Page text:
[Did this - somewhat basic - tribute essay for Business Standard Weekend]
Intro: Whether you love its vitality or hate its excesses, cinema wouldn't have been the same without Hollywood
The early years of film history are so heavily shrouded in mist – especially with many key works from the first two or three decades having been lost forever – that one must be cautious about pinning down dates, or suggesting that a particular studio, industry or director was the “first” to achieve something. One thing is beyond dispute though: a hundred years ago, give or take a few months, some very interesting developments were taking place in a small Los Angeles municipality called Hollywood. Studios like Paramount and Warner Bros were setting up camp and calling in trucks full of unwieldy motion-picture cameras. Artists with names like D W Griffith, Charles Chaplin and Mary Pickford were being drawn towards the region, almost as if by some mysterious magnetic force – as if a nascent art form knew that it had found a space from where it could begin showing itself off to the world, and that it need the right sort of people to get it going.
And show off it did. From the ground-breaking silent epics of Griffith to the inventive masterpieces of Buster Keaton and Erich von Stroheim in the 1920s to an explosion of sound films in a variety of popular genres – Westerns, musicals, screwball comedies, noir – in the 1930s and 1940s, American cinema quickly took the lead in demonstrating the possibilities of the medium. Of course, much pioneering work was happening in other countries at the same time – notably in Russia and Germany – but they couldn’t match the scale on which things were done in Hollywood. So it has remained to this day.
Today, a century after those beginnings, Hollywood is less a tangible place and more a state of mind. Geographical accuracy has never mattered to most people who use the word: growing up in India in the 1980s, for example, it was common to hear any English-language film (even a British one) being referred to as “a Hollywood movie” – even by film magazines, which should have known the difference.
For serious film buffs, “Hollywood” has often been synonymous with a crass, studio-governed style of moviemaking – one that is sometimes seen as the antithesis of art. The very word sometimes elicits knee-jerk negative reactions, partly because popular American movies are considered rude envoys of American cultural imperialism. There’s a stage in the trajectory of most film students when it’s fashionable to be snobbish about Hollywood (even the classics) and learn that the really “worthy cinema”, the cinema of integrity, comes from other countries – Italy, Denmark, Japan, Iran.
This view of things is understandable to an extent, especially when you look at the amount of big-budget cinematic dross that America churns out each year, and consider that many small countries barely have the resources to produce even half a dozen (good or bad) movies annually. But there’s another side to the argument. The fact is, in no other moviemaking industry in the world has commerce and art combined so fortuitously, so often, and with such strong reverberations for the rest of the world, as in Hollywood.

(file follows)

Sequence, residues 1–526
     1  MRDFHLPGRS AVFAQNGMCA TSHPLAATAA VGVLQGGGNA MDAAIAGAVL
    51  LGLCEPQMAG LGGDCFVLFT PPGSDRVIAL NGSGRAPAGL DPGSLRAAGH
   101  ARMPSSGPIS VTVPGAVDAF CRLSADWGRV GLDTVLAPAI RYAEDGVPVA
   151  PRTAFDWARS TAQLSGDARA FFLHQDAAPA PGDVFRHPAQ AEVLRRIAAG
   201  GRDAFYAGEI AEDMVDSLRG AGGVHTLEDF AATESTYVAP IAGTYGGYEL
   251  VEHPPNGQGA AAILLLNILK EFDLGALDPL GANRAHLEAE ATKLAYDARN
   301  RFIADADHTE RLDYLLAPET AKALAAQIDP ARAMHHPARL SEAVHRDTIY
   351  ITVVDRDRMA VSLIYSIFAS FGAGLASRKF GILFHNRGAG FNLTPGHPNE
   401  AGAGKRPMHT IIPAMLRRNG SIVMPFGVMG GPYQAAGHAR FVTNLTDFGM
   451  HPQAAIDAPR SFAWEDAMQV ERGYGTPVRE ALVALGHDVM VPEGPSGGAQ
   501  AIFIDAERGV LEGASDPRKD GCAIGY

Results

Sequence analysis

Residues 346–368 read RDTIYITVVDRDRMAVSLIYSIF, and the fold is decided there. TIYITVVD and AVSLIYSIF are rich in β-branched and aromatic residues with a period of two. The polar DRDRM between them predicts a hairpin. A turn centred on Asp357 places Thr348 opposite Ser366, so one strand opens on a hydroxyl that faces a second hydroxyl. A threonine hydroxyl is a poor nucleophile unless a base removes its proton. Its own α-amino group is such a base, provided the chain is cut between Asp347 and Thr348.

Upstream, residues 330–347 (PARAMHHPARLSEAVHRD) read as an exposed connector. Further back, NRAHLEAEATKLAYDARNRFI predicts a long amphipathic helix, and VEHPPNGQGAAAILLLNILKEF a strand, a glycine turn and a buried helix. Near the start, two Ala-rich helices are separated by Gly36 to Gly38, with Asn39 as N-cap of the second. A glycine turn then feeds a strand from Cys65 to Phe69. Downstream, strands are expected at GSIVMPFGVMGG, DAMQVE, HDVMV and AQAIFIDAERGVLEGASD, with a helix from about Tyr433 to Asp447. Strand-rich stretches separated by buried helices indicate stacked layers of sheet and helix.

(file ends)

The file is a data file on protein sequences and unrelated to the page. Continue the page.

It’s true that for decades the studio regime and the star system led to certain artistic constraints, and there are plenty of stories that testify to this: for example, the rewriting - and compromising - of a script because a character played by a matinee idol couldn’t turn out to be a bad penny (or a "wrong 'un") at the end of a film. But it’s equally true that those same studios, and the talents working under the limitations they imposed, produced a rich and vibrant cinematic legacy that explored the full potential of narrative filmmaking. Directors realised powerful individual visions even while operating under the watchful eyes of their financiers (who, by the way, weren't always philistines; sometimes they were good at reining in artistic temperaments that might otherwise have self-combusted). Star-actors showed tremendous versatility not by submerging themselves in a dizzying variety of characters but by exploring the range of emotions within a certain type of role, dictated by their popular screen persona. And the world responded. When cinema exploded internationally in the 1950s and 1960s with an outpouring of independent, “art”-driven films from countries such as France and Sweden, the debt to the American film was enormous. The new European directors expressed their love and admiration for Hollywood, pointing out the subtle and complex techniques embedded in the best of its movies, and this led to a renewed study of American genre films, many of which had earlier been dismissed (by homegrown critics) as "mere popular entertainments".
American cinema would see a second renaissance in the 1970s, with the flowering of a generation of filmmakers who were students first – deeply knowledgeable about and respectful of movie history – and directors second: Scorsese, Coppola, Spielberg, De Palma among others. And though the decades that followed haven’t been quite as rich, Hollywood, for all its excesses, has always had space for the high-quality “indie” film.
But of course, the ambivalence continues. I remember a discussion with a friend who had just discovered the films of the great Japanese director Akira Kurosawa and was (for reasons that I can’t quite fathom or relate to) smugly proud that this “Asian” filmmaker had been an inspiration to Western directors like Sergio Leone and George Lucas. His face fell when I pointed out that Kurosawa himself had been deeply influenced by the very American films of John Ford. In the 21st century it would be silly to think of “Hollywood” as the be all and end all of filmmaking, but there’s no question that it has been the wellspring for many of the best developments in the seventh art.